Archduchess Marie Christine with her spinning wheel, oil painting (detail), mid-18th century

Pulling Threads

Of Workshops, Craftsmen and Textiles


Workshops (or ‘manufactories’, as they were known) and cottage industry were promoted by Maria Theresa and opposed by craftsmen. In the end both faced competition from technical inventions.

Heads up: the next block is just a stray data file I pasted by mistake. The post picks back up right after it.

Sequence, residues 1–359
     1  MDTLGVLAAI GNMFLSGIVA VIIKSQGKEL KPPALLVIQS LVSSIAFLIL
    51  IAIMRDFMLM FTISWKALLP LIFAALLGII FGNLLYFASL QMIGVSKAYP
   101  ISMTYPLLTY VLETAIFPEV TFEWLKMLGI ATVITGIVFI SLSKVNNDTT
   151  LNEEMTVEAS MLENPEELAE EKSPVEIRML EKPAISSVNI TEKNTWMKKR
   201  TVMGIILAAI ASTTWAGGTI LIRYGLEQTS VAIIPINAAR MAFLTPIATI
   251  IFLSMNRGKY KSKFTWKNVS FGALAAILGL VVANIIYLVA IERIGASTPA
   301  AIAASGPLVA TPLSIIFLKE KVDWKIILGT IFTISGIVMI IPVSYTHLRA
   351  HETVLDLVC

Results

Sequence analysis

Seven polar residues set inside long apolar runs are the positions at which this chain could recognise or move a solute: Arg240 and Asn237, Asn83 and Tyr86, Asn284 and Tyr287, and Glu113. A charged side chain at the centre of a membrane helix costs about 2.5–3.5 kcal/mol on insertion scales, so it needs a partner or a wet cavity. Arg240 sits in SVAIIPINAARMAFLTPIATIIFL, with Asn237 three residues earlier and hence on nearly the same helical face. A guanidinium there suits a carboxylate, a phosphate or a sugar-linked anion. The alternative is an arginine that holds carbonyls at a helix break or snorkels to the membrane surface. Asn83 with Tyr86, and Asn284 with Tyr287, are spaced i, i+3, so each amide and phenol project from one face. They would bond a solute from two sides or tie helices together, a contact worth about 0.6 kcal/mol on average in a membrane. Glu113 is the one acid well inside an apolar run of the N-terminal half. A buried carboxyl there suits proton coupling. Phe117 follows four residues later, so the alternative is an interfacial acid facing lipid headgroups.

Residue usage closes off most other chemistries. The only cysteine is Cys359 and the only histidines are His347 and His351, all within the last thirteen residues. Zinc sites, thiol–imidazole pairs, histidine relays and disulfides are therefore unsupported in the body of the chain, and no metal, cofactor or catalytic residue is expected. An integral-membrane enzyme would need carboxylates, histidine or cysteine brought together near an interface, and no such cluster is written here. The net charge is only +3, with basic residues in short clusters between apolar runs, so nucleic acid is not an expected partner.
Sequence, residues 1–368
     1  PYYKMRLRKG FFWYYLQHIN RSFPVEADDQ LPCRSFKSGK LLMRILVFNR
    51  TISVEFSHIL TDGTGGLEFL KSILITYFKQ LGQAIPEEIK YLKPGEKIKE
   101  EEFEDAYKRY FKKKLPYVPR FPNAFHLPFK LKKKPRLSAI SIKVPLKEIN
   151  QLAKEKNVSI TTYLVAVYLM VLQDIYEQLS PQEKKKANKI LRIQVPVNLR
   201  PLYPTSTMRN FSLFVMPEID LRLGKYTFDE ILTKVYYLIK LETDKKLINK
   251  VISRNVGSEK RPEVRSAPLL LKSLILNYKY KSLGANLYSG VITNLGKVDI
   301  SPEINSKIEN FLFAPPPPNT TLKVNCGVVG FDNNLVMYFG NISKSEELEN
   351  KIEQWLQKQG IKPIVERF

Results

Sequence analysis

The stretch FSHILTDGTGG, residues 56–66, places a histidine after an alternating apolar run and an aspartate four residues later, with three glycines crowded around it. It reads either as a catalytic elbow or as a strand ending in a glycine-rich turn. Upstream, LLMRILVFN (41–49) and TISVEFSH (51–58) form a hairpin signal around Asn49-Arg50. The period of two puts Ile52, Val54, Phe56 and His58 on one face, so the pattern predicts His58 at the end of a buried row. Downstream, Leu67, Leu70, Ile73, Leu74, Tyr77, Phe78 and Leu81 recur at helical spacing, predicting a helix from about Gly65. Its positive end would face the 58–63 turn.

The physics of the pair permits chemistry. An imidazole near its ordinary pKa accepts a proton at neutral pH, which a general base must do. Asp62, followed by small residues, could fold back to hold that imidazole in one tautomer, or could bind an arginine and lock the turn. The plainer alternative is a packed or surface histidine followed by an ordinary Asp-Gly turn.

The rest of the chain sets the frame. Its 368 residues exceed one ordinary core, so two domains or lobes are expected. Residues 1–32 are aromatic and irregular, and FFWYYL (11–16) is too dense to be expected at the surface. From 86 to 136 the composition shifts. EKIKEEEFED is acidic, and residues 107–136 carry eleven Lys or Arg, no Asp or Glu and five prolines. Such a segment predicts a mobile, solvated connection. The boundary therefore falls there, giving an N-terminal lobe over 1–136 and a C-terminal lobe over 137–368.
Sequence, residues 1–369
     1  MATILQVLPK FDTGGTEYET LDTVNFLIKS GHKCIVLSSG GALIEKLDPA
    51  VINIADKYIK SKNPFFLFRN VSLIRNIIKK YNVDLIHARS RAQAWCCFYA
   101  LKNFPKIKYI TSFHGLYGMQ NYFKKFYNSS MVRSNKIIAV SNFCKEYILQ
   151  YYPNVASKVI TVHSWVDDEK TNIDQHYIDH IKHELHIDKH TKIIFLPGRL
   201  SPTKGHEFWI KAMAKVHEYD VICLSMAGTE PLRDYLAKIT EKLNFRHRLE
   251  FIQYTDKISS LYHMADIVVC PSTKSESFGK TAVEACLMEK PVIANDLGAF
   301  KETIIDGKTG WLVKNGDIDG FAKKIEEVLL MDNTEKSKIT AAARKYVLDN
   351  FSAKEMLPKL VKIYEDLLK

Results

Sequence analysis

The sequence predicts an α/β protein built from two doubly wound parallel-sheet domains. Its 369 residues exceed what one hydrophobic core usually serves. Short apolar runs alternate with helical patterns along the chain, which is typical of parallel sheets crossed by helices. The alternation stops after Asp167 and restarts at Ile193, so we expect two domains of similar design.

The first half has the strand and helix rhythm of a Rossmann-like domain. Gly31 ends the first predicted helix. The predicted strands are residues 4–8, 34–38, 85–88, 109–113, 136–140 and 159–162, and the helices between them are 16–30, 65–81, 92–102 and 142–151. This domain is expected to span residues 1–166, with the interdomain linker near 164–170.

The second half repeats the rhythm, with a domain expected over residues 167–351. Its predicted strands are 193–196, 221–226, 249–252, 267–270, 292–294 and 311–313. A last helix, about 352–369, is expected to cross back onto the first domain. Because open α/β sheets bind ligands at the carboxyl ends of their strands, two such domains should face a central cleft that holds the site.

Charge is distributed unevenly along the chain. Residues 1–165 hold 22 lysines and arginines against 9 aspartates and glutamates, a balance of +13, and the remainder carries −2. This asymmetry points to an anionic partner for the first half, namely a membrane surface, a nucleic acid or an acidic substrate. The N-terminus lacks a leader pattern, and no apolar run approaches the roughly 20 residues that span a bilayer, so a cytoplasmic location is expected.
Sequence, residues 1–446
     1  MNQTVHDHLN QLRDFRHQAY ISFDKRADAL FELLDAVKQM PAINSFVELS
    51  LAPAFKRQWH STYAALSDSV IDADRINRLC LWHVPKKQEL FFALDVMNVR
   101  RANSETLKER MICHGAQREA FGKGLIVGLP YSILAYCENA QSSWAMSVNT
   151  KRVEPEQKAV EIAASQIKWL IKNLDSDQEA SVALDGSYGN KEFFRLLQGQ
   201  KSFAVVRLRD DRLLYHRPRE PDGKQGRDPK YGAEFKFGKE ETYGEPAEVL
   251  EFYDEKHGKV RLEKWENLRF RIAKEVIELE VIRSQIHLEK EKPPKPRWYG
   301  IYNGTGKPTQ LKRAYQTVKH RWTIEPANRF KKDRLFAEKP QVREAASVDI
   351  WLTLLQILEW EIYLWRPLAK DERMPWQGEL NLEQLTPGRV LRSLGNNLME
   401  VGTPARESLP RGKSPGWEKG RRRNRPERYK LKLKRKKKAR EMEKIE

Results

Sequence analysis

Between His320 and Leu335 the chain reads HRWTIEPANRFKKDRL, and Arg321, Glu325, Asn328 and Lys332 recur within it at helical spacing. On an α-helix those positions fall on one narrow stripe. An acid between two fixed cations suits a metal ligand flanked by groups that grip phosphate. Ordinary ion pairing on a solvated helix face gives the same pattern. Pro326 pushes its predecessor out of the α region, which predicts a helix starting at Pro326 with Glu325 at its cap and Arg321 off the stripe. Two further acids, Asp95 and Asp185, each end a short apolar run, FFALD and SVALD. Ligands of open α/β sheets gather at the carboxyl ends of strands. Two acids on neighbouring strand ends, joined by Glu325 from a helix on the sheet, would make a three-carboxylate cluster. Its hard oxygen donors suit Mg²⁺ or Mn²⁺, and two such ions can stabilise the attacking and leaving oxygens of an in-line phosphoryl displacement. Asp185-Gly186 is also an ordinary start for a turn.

Workshops, outwork and cottage industry were what characterized so-called proto-industrialization, that to say ‘industrialization before industrialization’. The state’s trade policy was to promote and grant privileges to workshops, while reforming guilds and crafts. These saw the workshops as a threat to their existence and agitated against the pressure on wages which the owners of workshops were able to exert not least because they employed women on low wages. At the same time workshops and outwork represented a chance to earn money for the population, especially in rural areas. In the eighteenth century the textile industry was an important branch of the economy, and its goods were often produced by ‘putting out’. The mechanization of spinning and weaving and the invention of the sewing machine revolutionized the production of textiles.

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